The sixth graphic novel by author Dacia Palmerino and illustrator Andrea Grosso Ciponte, Renegade: Martin Luther, the Graphic Biography (Plough, 2017), is a nuanced portrait of a towering figure—a man both revered and reviled within his own story. 

The Italian collaborators’ unique visual approach to Luther’s story allows readers to immerse themselves fully in the 16th century, seeing the world through the reformer’s eyes. Renegade doesn’t attempt to provide a comprehensive biography—the authors feel that others have already done so effectively—but offers a bold, balanced and beautifully rendered entry in the genre.  

Living Lutheran heard from Palmerino and Ciponte (jointly, through a translator) about the making of Renegade and the motivation behind its creation.    

Living Lutheran: What inspired you to reimagine Luther’s life through the graphic novel medium, and what were you considering as you built the book’s aesthetic? 
Palmerino and Ciponte: When we were offered the chance to participate in a selection for the creation of a graphic novel on Martin Luther, we thought a lot about how to set it up. Our previous works (the Dust Novel series for Faust Editions) are characterized by visual and narrative experiments—not suitable for a book aimed at a wider audience like Renegade. Graphically, we chose to use a very realistic style, implying impartiality about the facts narrated. 

What do you see as different about your biography from other books about Luther’s life—even other graphic novels about his life?  
We tried to exploit the graphic novel medium in its language peculiarities, not limiting ourselves only to illustrating historical events, but looking for narrative-graphic solutions that were more effective in communicating them. There are obviously many exceptions, but usually in popular comics we tend to give the image a subordinate role to the word. In Renegade, we tried to make the story and images coexist equally, narrated through vignettes with textual scenes that go into more historical detail. 

Usually in popular comics we tend to give the image a subordinate role to the word. In Renegade, we tried to make the story and images coexist equally.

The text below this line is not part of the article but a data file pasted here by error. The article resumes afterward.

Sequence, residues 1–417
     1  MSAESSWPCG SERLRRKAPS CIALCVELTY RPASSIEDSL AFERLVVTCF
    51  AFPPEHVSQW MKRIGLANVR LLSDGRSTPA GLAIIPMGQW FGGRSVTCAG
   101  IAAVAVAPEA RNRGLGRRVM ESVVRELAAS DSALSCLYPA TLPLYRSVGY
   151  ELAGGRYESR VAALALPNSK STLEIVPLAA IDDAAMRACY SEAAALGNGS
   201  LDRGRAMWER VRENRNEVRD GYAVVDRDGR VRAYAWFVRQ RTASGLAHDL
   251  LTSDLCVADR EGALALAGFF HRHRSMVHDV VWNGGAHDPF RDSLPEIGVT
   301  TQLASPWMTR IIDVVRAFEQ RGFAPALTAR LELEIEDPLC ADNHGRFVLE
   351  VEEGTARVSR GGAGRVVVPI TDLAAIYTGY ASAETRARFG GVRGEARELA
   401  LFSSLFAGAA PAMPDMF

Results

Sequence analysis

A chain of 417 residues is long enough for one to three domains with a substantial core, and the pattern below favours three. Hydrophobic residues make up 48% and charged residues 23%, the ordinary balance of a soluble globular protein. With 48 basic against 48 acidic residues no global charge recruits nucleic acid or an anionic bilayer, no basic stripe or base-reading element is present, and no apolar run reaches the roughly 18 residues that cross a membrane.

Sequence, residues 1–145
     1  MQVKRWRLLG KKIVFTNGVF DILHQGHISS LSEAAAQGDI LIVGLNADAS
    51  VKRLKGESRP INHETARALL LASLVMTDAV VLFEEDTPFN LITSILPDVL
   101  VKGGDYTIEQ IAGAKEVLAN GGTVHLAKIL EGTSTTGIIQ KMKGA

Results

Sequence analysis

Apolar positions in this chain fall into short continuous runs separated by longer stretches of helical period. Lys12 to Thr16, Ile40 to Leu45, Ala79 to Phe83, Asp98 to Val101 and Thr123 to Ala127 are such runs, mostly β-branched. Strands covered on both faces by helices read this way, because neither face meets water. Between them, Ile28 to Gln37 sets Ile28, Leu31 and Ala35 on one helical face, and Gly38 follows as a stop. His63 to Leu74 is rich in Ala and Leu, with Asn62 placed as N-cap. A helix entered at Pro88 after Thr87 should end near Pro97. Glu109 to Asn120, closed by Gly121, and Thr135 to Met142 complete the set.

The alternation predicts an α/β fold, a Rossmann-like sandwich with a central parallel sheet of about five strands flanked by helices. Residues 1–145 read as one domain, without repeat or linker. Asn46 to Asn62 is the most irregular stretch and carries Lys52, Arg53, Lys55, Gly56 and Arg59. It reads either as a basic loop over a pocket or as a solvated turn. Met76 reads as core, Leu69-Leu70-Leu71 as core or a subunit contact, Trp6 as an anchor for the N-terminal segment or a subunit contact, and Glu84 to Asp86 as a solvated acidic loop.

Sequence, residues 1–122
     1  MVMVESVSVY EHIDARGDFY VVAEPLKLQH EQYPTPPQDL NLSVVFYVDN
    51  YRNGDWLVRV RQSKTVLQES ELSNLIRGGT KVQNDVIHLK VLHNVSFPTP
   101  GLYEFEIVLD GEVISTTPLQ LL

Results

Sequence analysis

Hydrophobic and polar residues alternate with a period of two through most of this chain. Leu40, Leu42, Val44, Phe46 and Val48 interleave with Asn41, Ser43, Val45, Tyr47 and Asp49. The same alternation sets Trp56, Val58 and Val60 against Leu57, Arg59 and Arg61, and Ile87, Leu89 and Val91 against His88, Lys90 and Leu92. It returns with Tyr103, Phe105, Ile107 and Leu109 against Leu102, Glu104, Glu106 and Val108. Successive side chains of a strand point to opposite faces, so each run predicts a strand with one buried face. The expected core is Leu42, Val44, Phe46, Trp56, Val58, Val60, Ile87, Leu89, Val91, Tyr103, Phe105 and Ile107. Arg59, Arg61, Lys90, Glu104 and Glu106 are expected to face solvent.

How does faith inform and inspire your art?  
We are not believers. We did not feel that this created problems for us since the facts dealt with in the book are historically documented. And perhaps it gave us a good perspective to be able to extricate ourselves from the various legends, for or against Luther, that over the years have surrounded the biography. 

What are you hoping for your audience as they read and interact with your book?  
We tried to make a graphic novel strictly based on established historical facts, but by necessity one cannot be exhaustive on many aspects due to the very nature of the medium. We could not make theological dissertations, for example. That was not our competence. There are many texts available that give a deeper history. Our goal was to create a primarily artistic contribution. Someone who would not reach for a large book might be willing to discover Luther’s story through art. 

Renegade explores both the celebrated and the shadow sides of Luther’s life. How did you decide what to include and how to illustrate it? 
Wanting to be impartial, we could not avoid telling the controversial aspects of the character. The book follows the whole life of Luther, so we tried to give space to the various periods, in proportion to the historical timeline. Even here we could not be exhaustive in explaining all the reasons behind Luther’s actions, but we tried to illustrate the context in which this man developed specific choices that affected his life and, ultimately, the course of history.   

Cara Strickland
Strickland writes about food and drink, singleness, faith and mental health from her home in the Northwest (

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